Babbage / Brougham Letters

Scope and Content

Photographs of letters to Charles Babbage from William, 2nd Baron Brougham, and Dionysius Lardner.

Administrative / Biographical History

Charles Babbage was born in London and educated at Trinity College and Peterhouse, Cambridge. From 1815 onwards, he was a participant in the burgeoning London scientific scene. He became a fellow of the Royal Society in 1816 and was active in the Astronomical Society from its foundation in 1820. Babbage published several papers and books on topics in mathematics and the philosophy of science, but is best known today for his invention of a kind of a 'difference engine' (an automated calculating machine forming a mechanical precursor to the modern computer); the machine was never built during his lifetime but staff at the Science Museum in London have since successfully constructed a working model.

Access Information


The papers are available subject to the usual conditions of access to Archives and Manuscripts material, after the completion of a Reader's Undertaking.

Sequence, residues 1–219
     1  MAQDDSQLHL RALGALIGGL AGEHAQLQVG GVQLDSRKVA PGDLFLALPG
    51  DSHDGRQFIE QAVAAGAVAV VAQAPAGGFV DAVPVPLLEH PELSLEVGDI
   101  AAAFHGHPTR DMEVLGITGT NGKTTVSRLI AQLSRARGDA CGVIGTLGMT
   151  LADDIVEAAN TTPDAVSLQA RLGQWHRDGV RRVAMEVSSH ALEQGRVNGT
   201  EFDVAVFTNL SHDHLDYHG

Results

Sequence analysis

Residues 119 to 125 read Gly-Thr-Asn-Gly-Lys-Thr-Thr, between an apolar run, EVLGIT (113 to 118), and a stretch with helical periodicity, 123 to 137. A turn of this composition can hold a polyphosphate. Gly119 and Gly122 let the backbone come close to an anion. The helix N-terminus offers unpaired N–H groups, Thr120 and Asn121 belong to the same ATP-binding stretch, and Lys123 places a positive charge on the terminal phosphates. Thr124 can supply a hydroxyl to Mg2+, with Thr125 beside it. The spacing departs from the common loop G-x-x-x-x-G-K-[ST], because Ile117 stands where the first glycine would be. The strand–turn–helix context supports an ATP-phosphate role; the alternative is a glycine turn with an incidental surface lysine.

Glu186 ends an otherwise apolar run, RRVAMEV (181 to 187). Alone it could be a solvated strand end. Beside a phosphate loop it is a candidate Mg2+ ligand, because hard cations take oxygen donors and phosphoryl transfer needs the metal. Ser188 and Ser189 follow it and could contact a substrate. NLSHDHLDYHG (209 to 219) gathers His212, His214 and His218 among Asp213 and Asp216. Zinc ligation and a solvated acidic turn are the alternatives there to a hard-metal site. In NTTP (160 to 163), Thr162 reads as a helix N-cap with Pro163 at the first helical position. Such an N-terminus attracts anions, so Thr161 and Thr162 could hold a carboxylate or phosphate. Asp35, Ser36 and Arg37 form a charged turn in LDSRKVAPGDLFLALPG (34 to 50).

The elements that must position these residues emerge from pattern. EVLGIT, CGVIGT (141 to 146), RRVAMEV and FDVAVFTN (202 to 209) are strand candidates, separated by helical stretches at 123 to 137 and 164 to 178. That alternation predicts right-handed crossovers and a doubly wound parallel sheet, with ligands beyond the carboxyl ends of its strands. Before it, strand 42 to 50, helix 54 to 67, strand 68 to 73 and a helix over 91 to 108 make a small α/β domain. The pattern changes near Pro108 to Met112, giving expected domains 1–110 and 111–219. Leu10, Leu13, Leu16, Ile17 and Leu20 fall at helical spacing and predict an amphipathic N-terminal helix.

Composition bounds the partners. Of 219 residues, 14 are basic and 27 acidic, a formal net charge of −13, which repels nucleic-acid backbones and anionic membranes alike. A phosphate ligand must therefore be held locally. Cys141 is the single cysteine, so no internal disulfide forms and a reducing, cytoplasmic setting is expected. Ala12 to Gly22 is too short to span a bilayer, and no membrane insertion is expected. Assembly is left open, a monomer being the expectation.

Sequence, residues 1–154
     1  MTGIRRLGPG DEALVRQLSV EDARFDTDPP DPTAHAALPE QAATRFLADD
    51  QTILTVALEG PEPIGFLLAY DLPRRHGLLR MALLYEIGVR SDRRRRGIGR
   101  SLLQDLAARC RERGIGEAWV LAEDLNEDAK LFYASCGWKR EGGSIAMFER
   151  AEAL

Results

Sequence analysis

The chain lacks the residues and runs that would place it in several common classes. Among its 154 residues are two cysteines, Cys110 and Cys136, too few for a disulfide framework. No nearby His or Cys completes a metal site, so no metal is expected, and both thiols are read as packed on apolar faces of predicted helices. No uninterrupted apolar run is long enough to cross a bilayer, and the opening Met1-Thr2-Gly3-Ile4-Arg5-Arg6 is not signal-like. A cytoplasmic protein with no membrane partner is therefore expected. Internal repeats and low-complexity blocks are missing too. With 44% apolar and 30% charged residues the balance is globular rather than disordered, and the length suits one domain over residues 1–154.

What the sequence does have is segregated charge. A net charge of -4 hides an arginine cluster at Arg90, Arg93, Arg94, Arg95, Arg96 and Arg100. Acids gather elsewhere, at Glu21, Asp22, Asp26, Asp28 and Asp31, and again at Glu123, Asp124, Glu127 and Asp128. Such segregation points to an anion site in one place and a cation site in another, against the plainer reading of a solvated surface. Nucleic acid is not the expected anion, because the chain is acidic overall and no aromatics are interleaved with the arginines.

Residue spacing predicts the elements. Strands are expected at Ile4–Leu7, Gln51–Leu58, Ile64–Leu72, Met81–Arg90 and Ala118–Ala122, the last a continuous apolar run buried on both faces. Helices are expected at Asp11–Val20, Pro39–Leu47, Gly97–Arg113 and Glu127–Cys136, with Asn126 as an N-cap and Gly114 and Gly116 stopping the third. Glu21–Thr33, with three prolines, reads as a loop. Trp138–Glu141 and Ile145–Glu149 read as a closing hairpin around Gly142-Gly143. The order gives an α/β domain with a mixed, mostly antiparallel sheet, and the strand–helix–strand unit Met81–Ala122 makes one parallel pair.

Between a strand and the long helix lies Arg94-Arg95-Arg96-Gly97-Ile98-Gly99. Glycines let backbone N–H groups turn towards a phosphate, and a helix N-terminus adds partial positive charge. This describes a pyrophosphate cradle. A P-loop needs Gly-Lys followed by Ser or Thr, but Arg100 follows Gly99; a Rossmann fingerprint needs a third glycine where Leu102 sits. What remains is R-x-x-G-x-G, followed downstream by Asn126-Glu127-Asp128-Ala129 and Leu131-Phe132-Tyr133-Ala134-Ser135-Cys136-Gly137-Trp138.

Acquisition Information

Originals in the collection of Mrs Jean Babbage. Photographs printed from negatives supplied in 1982 by G T Tel, Department of Civil and Municipal Engineering, University College London.

Other Finding Aids

Collection level description

Related Material

University College London, Special Collections also holds the correspondence and papers of William Brougham, 2nd Baron Brougham and Vaux, dating from the 1810s to the 1880s. A large series of c10,000 letters to William Brougham from c1,500 organisations and individuals outside the Brougham family, among them aristocrats, including members of the Edwardes family, Barons Kensington, and of the Lowther family, Earls of Lonsdale; churchmen; and some political figures.